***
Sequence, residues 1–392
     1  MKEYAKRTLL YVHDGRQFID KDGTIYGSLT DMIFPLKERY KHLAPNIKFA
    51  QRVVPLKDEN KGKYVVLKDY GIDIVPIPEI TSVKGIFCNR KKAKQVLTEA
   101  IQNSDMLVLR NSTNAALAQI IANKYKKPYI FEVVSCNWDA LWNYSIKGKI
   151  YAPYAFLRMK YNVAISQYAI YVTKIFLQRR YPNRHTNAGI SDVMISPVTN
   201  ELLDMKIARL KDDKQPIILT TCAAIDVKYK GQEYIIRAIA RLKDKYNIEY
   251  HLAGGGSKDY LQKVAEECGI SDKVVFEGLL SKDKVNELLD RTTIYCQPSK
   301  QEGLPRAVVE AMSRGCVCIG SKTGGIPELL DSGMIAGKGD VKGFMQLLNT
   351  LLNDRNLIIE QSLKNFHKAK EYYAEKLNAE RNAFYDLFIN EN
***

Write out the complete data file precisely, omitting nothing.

Sequence, residues 1–392
     1  MKEYAKRTLL YVHDGRQFID KDGTIYGSLT DMIFPLKERY KHLAPNIKFA
    51  QRVVPLKDEN KGKYVVLKDY GIDIVPIPEI TSVKGIFCNR KKAKQVLTEA
   101  IQNSDMLVLR NSTNAALAQI IANKYKKPYI FEVVSCNWDA LWNYSIKGKI
   151  YAPYAFLRMK YNVAISQYAI YVTKIFLQRR YPNRHTNAGI SDVMISPVTN
   201  ELLDMKIARL KDDKQPIILT TCAAIDVKYK GQEYIIRAIA RLKDKYNIEY
   251  HLAGGGSKDY LQKVAEECGI SDKVVFEGLL SKDKVNELLD RTTIYCQPSK
   301  QEGLPRAVVE AMSRGCVCIG SKTGGIPELL DSGMIAGKGD VKGFMQLLNT
   351  LLNDRNLIIE QSLKNFHKAK EYYAEKLNAE RNAFYDLFIN EN